Kate Russell addressed a room full of women and a couple of men, on the topic of Gender Bias in Technology. Like many women of her generation her love of technology is down to a man, in this case her brother. While there was no real sense of exclusion, people expected her to be into cooking and cleaning. She spoke about the importance of the expectation of parents, teachers, and schools, as having a powerful effect. She traced her interest in technology back to her brother being offered coding when she was offered home economics and needlework. She emerged from her education being able to roll a swiss roll and sew her name on an apron, “Presumably in case I forgot who the apron belonged to.” Meanwhile her brother was doing cool things.
Initially it didn’t occur to her that she was the only female in technology at work. She had no sense of oppression, and quickly gained the respect of male colleagues when she beat them in games. Her awareness started when she was asked for her female opinion . “What is your female perspective on the technology.?” To hold up someone’s gender as the defining characteristic on the way that they should think about anything at all, let alone technology, astounded her.
“Being a woman is such a small part of who I am.”
Some interesting things happened when the USA’s Young Re-wired State, tried to increase their female intake. Initially the number of girls applying ran at at 5%. When Emma Mulqueenyn tried to encourage more girls, by telling them how under-represented they were, the rate plummeted to 3%. But when they introduced Lily Cole as a kick-ass role model the intake went up to 28%.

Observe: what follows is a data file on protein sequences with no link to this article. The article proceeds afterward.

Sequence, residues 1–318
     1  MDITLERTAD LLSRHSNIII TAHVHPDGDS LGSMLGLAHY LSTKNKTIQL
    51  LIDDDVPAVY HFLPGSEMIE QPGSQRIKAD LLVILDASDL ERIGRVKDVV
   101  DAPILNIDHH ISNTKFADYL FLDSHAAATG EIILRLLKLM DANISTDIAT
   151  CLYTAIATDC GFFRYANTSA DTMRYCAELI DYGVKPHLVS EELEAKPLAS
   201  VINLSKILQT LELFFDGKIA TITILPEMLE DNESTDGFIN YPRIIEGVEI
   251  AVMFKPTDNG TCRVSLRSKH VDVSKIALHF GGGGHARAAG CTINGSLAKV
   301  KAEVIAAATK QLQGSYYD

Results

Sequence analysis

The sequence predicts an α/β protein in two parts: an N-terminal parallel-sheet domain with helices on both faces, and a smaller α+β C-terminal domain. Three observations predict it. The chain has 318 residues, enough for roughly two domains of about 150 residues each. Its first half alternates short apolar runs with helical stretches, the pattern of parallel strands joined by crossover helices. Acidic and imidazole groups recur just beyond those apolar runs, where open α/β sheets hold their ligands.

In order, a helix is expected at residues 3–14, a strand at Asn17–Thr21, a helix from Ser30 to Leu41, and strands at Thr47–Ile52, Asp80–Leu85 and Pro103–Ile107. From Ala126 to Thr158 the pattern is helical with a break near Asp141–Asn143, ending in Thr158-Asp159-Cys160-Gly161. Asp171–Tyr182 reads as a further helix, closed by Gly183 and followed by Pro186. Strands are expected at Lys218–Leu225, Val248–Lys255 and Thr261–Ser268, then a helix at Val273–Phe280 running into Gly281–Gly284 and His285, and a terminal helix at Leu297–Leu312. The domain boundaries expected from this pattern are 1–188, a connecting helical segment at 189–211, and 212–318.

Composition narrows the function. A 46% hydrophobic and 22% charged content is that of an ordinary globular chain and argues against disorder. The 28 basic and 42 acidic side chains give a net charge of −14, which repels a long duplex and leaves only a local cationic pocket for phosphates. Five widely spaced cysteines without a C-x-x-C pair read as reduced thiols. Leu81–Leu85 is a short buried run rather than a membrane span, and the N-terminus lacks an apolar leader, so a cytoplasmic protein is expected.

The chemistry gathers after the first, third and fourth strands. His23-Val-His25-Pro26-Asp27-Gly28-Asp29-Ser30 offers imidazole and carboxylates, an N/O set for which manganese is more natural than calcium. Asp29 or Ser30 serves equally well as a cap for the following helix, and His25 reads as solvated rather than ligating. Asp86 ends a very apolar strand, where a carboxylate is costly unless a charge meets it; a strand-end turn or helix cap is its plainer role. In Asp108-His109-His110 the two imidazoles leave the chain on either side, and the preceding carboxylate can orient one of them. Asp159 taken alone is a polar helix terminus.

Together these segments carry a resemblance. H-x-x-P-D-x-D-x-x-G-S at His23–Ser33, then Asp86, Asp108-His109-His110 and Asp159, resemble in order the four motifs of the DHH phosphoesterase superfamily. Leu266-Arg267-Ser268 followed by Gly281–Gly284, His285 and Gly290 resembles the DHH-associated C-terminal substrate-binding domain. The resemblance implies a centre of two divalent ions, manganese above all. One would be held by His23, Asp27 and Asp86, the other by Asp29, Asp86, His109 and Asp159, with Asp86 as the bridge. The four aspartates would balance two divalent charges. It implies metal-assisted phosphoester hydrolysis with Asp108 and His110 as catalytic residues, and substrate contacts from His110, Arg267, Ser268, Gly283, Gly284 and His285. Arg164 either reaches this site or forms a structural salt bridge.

Now which woman might do that for women on boards?
Kate shared with us her statistics and research, some of which are quite alarming. If 46% of the UK workforce (presumable omitting the housewives and carers), only 15% are in the STEM areas. Just 8% of engineer professionals are women, but surely the most alarming is that women statistics fall by point 5%, every year and have done for the last 10 years.
It was a great evening hosted by Nexmo, and organized by women-in-wireless. The name Anne Marie Imafidon should be more widely know. Founder of the STEMettes, a black woman, high achiever, from an early age. Just like Maggie Aderin-Pocock, space scientist and communicator. Two wonderful role models for women.
Another strong role model is in a similar discipline, is encouraging the take up of STEM subjects. Athene Donald British physicist, chairs the Athena forum, which aims to advance the career progression of women in Science, Technology, Mathematics, STEM in UK higher education. Astoundingly the Wiki entry manages to describe the whole movement without once mentioning “women”. Always stronger candidates.
Athene Donald writing for the Guardian:
“I challenge individuals to commit to ‘just one action for women in science’ – (#justiaction4WIS)
If you do not work in science, many of these suggestions are equally applicable across the workplace, whatever sector you are in.
- Call out bad behaviour whenever and wherever you see it – in committees or in the street. Don’t leave women to be victimized;
- Encourage women to dare, to take risks;
- Act as a sponsor or mentor (if you are just setting out there will still always be people younger than you, including school children, for whom you can act);
- Don’t let team members get away with demeaning behaviour, objectifying women or excluding anyone.”
These are just the first four. June 19th 2015.
Toward the end of Kate’s presentation she contrasted working environments and job applications, contrasting male/female versions.
Over all she strongly made the point, that the social constructs are subtle, not overtly oppressive, nor apparently excluding. It behoves us all to pay more attention.